Posts Tagged 'science'

Saltwater Science at the National Aquarium

Just add salt? Not quite. Here’s the inside story on how we get our water just right: 

As vibrant fish residents swim gracefully in their aquatic habitats at the National Aquarium, the most important element of their exhibit homes – the water – often goes unnoticed.

national aquarium clown triggerfish

In total, more than 2 million gallons of water are perpetually pumped, filtered and re-pumped within the Aquarium’s nearly 200 water systems. For perspective, the average bathtub holds 50 gallons of water, making the National Aquarium’s water content roughly equal to 40,000 bathtubs!

Maintaining the quality of these millions of gallons of water is essential for healthy animals, and it is through the tireless work of dedicated aquarists and laboratory and life-support staff that we can provide the highest quality of water to the thousands of marine animals that call the Aquarium home.

Testing the Water

In every high school across the country, chemistry teachers illustrate water’s elemental simplicity by connection to Hs to one O. Sustaining life at the Aquarium, however, as in the oceans, is infinitely more complex. Salinity (the amount of salt), dissolved oxygen (the “air” fish absorb through their gills) and nitrates (waste product) all affect water chemistry.

That chemical balance, in turn, affects those plans and animals on exhibit, as well as fungi and bacteria that cannot be seen with the naked eye. Presenting a healthy environment by maintaining the absolute best water quality for each and every exhibit and backup tank requires a well-coordinated effort between staff across departments.

Each morning, aquarists, under the guidance of water quality expert Kim Gaeta, extract samples from select exhibit spaces. Those samples are then labeled and deliver to the lab, where they are test for ammonia, nitrite and salinity, as well as pH and alkalinity. If there’s a noticeable imbalance, staff, under the watchful eye of Laboratory Services Department supervisor Jill Arnold, diagnose the problem and prescribe a solution.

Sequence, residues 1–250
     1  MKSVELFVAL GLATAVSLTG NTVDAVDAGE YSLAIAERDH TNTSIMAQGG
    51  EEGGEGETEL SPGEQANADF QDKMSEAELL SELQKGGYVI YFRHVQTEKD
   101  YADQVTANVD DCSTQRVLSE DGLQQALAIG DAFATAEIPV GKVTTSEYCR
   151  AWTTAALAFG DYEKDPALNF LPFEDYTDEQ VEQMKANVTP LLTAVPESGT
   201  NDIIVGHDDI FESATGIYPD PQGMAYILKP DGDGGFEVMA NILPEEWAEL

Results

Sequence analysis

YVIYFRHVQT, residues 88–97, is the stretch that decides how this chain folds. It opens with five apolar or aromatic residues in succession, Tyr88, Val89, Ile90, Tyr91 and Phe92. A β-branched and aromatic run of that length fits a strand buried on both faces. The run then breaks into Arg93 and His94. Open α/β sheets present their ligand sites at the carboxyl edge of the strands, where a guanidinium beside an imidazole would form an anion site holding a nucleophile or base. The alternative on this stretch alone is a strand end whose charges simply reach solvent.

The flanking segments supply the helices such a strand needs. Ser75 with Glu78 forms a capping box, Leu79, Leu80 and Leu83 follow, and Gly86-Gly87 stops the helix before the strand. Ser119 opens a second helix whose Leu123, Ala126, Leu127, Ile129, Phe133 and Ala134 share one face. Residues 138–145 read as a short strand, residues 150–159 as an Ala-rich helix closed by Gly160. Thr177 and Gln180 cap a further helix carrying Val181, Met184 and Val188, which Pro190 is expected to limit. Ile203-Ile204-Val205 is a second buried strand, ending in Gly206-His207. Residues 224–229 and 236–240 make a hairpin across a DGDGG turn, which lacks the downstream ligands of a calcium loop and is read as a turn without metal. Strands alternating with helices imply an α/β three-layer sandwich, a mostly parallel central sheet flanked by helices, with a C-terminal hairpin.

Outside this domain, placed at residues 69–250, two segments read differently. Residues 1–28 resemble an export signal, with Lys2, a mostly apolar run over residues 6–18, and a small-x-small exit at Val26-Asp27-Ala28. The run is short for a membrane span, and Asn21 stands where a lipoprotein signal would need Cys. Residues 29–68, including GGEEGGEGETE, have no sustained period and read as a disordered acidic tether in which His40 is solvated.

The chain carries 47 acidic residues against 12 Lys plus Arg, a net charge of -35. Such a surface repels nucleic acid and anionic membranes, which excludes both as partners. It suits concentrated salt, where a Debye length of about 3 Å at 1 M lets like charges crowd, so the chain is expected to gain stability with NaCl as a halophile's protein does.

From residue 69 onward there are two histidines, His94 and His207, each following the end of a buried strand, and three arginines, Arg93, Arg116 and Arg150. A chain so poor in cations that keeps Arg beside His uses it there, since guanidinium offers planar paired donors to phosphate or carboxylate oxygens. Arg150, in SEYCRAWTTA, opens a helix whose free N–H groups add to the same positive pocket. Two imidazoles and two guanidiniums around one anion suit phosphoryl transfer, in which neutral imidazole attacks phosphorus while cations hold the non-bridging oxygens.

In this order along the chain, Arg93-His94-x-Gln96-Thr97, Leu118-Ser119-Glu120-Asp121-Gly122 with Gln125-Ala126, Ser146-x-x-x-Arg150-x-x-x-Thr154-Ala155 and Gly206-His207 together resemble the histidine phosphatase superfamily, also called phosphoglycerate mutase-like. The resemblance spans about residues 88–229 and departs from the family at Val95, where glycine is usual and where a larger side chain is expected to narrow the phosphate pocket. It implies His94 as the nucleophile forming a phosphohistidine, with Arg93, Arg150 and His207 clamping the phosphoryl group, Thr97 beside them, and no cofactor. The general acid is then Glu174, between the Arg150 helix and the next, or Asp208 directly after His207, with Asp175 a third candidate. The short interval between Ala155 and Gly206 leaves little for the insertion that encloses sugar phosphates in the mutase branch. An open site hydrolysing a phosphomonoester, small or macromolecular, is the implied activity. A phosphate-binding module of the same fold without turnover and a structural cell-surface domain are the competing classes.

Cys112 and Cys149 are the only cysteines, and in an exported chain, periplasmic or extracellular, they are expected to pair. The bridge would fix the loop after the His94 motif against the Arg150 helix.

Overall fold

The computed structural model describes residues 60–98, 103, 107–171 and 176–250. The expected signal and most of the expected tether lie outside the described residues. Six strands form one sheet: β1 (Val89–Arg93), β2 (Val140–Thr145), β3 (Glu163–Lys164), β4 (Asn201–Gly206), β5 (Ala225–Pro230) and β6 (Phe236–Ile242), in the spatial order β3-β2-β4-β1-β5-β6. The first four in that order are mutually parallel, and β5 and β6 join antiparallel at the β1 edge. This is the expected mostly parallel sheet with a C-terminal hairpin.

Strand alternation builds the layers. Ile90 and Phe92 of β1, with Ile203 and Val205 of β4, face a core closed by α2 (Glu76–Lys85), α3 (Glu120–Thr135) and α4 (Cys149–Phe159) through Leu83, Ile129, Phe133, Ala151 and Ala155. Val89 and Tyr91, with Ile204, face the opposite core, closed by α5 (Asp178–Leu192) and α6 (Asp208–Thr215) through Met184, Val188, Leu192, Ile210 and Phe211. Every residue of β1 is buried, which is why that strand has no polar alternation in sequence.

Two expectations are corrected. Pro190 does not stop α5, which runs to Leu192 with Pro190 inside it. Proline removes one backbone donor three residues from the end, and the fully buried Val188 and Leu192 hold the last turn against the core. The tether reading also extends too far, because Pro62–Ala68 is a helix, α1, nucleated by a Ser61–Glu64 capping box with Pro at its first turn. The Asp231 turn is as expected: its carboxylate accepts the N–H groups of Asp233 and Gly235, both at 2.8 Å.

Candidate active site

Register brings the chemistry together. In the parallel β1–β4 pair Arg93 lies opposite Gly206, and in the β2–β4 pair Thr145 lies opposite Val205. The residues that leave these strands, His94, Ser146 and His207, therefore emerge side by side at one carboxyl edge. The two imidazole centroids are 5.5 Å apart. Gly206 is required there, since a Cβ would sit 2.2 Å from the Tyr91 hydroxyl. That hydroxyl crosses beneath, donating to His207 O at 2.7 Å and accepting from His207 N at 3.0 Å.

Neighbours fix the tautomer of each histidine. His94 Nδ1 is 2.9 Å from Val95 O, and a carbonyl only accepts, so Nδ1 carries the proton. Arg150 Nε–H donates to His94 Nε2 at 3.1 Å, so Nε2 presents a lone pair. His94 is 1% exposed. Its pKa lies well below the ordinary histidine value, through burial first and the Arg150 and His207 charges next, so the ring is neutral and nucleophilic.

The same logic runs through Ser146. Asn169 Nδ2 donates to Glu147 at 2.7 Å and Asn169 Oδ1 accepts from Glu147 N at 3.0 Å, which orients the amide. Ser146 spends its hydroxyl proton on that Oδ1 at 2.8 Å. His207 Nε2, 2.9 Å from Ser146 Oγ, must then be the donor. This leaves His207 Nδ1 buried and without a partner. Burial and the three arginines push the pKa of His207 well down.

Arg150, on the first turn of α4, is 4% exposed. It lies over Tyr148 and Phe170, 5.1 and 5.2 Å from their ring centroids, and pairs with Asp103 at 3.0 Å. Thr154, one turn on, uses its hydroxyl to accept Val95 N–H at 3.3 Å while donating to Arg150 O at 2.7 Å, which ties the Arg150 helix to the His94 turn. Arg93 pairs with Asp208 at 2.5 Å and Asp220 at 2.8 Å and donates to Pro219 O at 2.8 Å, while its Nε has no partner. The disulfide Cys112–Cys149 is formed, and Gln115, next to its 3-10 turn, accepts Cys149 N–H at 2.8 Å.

The Right Water

Nearly all of the water in our exhibits is homemade seawater. The National Aquarium, like most Aquariums, manufactures its own. The millions of gallons circulating through the exhibits are a combination of Baltimore City water and a house blend of salts.

Consequently, these salt solutions affect the pH, dissolved oxygen levels and hardness of the seawater, based on their own specific chemistry. Tons of salt is shipped to the Aquarium every year to be used in the manufacturing process. At a cost of about 7 cents per gallon, we spend roughly $150,000 every year to manufacture seawater.

“The Aquarium utilizes a variety of food-grade salts to prepare artificial seawater, using our proprietary formulation developed by our chemist,” says Arnold. “Our goal is to mimic natural ocean waters as closely as possible,” guaranteeing all of our animals a healthy place to call home!

Our hand-crafted saltwater is just one of the many things we do everyday to give our animals the best quality of care possible. Here’s how YOU can support our efforts this holiday season! 

New ‘Walking’ Shark Species Discovered in Indonesia!

A new species of epaulette (carpet) shark was recently discovered off the coast of an island in Indonesia!

New species of epaulette shark. Photo via Conservation International.

New species of epaulette shark. Photo via Conservation International.

The walking shark, Hemiscyllium halamhera, was first seen walking along the sea floor by divers in 2008. Only recently has it been officially recognized as a new species.